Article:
[Date Prev][Date Next][Thread Prev][Thread Next][Date Index][Thread Index]

requiring proper tail recursion

The Scheme standards should be clear concerning what is
required of implementations and can be relied upon by
programmers.  The existing standards require proper tail
recursion without defining it; that was ok so long as
well-informed readers of the documents knew what was meant
or could learn what was meant by consulting sources that
were referenced by the standards.

The role of the standard is to provide enough technical
guidance so that men and women of good will can base their
discussion on technical issues.  It does not need to be so
airtight as to rule out perverse interpretations.

No standard can be phrased so tightly as to eliminate all
possible perverse interpretations of it.  Ultimately an
implementor's freedom to interpret the standard perversely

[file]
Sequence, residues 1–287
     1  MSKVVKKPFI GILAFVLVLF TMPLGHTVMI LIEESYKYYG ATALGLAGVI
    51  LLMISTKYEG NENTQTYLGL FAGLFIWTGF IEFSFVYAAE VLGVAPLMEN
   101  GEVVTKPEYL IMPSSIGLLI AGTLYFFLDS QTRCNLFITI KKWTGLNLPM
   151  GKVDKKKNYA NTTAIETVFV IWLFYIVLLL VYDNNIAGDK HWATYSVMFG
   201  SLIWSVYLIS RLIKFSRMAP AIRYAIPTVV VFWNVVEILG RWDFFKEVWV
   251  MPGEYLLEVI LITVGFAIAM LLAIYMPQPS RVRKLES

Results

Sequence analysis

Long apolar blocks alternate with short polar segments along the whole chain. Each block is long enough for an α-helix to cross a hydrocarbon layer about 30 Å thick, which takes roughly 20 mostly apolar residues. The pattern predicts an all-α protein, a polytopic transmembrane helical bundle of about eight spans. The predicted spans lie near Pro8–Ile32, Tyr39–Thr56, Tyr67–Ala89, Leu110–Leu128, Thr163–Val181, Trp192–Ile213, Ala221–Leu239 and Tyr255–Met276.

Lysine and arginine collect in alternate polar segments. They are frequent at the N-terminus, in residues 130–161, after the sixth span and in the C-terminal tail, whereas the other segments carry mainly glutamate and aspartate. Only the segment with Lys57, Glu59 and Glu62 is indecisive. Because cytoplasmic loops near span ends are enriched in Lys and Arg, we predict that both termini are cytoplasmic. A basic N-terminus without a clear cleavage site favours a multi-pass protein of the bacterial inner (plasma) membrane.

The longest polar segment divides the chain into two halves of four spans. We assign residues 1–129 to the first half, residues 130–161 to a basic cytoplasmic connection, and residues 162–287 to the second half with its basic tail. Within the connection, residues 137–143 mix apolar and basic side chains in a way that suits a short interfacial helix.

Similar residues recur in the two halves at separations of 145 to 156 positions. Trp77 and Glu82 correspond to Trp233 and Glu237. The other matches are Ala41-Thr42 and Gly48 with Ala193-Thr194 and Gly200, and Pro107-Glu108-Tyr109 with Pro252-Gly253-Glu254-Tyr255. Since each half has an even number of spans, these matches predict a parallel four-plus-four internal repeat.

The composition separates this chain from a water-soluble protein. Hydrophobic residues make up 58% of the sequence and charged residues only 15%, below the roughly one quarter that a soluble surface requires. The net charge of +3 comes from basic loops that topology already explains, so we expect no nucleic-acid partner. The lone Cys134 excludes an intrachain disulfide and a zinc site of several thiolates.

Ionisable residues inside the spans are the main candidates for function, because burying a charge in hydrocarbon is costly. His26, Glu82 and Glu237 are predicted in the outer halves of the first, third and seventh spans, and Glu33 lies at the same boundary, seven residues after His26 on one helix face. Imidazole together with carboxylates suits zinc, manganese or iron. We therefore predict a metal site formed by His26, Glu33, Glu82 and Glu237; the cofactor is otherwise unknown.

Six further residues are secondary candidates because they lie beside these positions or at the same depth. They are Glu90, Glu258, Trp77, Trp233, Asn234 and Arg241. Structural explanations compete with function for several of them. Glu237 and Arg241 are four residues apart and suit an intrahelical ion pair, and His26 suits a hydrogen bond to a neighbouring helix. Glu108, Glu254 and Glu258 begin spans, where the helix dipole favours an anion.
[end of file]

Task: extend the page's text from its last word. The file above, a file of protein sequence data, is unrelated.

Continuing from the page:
is constrained by his/her users, and the users' freedom to
interpret perversely is constrained by their choice of
available implementations.

So I think the real problem is to define proper tail recursion
in a way that will make the concept comprehensible to a larger
audience.  There are three main approaches:

  1.  Define proper tail recursion as passing the same
      continuation for a syntactically tail-recursive call
      that was passed to the procedure corresponding to the
      innermost lambda expression within whose body the call
  2.  Define proper tail recursion in terms of the asymptotic
      space used by continuations.
  3.  Define proper tail recursion using a more general notion
      of safe-for-space, relying on the fact that any
      implementation that is safe-for-space must also, in the
      large, be properly tail recursive in senses #1 and #2.